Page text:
Triathlon Taren

Four Triathlon Transition Mistakes

When we think of triathlons, we think of the obvious three disciplines, swimming, biking and running.  But transition could actually be a fourth discipline in and of itself.  It’s one of the places we see a ton of mistakes happen during a race, and this isn’t limited to rookies; veteran triathletes are guilty of it too.

Today, we’re going to address four of the big mistakes we see happen in transition.  (In other words, don’t be this guy/gal.)


Real estate in the transition zone at almost every single race is limited.  That’s the bottom line.  So, resist the urge to spread your stuff out like you’re in your own backyard.  Be respectful of the people parked on either side of you and don’t encroach into their space.

If you disregard this advice and regularly allow your stuff to migrate into the next person’s space, we’re not responsible for the karmic retribution that will befall you.


Obviously athletes concerned about their time will be getting in and out of transition as quickly as humanly possible.  But for triathletes who are just trying to finish the race, transition might seem to be a great place to rest up for the next leg of the event.  I’m here to tell you, that’s not the purpose. The point of transition is to get in and out quickly but calmly, and get onto the next portion of your race.

Yes, you can take a second to catch your breath. And yes, you can obviously get out of your wetsuit and into your appropriate clothing for biking and running.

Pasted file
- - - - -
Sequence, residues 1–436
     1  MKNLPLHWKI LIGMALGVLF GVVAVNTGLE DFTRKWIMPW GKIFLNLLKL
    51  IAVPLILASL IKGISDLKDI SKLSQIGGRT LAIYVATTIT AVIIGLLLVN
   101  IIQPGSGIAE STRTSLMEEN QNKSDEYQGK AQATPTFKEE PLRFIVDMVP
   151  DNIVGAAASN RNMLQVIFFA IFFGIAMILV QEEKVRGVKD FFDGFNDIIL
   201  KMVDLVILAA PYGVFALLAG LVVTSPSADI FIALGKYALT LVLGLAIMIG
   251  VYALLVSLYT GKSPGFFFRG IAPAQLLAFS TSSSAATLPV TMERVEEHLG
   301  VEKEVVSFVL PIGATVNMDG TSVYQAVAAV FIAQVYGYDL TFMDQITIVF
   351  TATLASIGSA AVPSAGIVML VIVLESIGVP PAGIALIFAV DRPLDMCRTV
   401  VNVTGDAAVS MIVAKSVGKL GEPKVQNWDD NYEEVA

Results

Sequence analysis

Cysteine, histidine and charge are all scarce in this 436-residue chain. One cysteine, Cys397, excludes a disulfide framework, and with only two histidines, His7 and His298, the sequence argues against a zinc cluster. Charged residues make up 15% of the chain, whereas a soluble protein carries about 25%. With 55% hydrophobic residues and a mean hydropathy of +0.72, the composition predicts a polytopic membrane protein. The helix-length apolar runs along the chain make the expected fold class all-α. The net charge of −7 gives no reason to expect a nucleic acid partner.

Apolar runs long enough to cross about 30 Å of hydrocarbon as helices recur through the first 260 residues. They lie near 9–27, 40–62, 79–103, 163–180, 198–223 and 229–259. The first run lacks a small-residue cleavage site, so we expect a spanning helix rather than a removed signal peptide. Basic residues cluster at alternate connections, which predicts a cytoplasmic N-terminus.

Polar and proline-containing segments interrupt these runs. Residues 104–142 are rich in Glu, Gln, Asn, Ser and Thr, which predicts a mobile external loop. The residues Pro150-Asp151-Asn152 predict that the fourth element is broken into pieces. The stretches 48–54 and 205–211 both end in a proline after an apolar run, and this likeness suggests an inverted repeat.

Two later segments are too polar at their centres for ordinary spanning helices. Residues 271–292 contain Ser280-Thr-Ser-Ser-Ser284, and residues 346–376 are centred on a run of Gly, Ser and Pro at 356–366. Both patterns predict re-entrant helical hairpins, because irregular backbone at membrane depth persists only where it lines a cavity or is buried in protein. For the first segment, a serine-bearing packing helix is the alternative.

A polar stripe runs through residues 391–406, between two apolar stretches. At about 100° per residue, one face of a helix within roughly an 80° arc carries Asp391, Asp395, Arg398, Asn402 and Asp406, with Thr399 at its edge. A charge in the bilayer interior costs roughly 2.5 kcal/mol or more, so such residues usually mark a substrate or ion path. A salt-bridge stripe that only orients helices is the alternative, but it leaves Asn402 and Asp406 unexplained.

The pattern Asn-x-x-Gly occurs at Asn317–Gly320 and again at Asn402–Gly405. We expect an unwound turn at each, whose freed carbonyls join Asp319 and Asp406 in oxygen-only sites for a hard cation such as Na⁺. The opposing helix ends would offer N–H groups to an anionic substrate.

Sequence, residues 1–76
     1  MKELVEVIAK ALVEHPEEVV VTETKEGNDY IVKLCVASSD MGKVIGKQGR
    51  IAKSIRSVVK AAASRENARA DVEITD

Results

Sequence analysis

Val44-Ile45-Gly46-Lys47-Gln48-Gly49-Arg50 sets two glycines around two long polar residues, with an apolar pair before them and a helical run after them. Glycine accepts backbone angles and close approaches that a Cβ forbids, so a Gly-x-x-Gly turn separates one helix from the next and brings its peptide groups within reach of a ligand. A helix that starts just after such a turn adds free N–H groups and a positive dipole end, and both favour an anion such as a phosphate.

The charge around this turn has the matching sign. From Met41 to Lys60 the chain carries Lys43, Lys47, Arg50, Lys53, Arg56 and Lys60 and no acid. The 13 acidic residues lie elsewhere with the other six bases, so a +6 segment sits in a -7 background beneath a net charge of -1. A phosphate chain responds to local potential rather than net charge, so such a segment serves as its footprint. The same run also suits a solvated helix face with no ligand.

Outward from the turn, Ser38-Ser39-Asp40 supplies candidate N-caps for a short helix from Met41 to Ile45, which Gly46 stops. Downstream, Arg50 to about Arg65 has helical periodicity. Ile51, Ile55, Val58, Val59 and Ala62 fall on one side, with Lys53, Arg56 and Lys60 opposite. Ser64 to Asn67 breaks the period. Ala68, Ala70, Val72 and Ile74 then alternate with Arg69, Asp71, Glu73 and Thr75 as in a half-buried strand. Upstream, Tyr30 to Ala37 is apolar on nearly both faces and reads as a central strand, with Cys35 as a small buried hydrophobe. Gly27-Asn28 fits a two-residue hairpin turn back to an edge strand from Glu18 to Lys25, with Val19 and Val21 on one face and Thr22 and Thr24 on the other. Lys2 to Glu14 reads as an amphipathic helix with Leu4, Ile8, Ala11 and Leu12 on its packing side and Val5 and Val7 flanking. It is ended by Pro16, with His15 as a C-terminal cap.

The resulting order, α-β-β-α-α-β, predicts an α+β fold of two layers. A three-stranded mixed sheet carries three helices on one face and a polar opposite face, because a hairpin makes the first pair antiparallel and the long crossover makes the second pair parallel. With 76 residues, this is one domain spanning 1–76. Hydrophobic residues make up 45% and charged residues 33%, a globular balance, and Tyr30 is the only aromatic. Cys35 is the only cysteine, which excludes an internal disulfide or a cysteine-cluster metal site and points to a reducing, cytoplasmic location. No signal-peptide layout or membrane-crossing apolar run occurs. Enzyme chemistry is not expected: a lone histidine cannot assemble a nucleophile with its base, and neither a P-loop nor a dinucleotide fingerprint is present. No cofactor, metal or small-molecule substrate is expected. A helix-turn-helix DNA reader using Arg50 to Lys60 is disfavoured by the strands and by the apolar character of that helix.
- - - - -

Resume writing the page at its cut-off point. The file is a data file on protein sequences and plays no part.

But standing around, fidgeting with your stuff, chowing down on fuel, and stalling before you start the next part of your race is generally frowned upon. Get in and get out, that’s your number one task in transition.

If you absolutely must have some nutrition, put it in your pockets and have it in the first few minutes of the bike or run while you’re getting yourself adjusted.


I know we just said it’s okay to have a quick gel or some fluids in transition, but that doesn’t mean it’s okay to have a carb-loading session while you’re in there.  In fact, taking on too many calories or too much hydration can cause a disaster while you’re on the course because your blood will be in your legs and arms, and you could have a gastric meltdown.

Plus, don’t forget, there will always be aid stations all along the course if you need hydration.


Newer triathletes may not realize this but there is a cut-off time before every race when transition is closed.  And by closed, I mean, closed; there will be volunteers guarding the entrances and usually barricades or gates in front of the entrances/exits.

That means, if you arrive after cut-off, you can’t get into transition to fiddle with your stuff or to take a warm-up ride on your bike. Transition cut-off is non-negotiable. It varies with every race, so make sure you check your athlete information package so you know the times when you can go in and out. And I promise you, if you think you’re going to sweet-talk the volunteers to get yourself in if you’re late… you won’t. Don’t be late!

So, there you have it.  Those are four of the biggest mistakes we see in transition during races.  Ultimately, as long as you’re respectful of the people around you and respectful of the rules (and general customs) of transition, you should be more than okay.

And if you’d like to visually understand some of these mistakes, check out this video!

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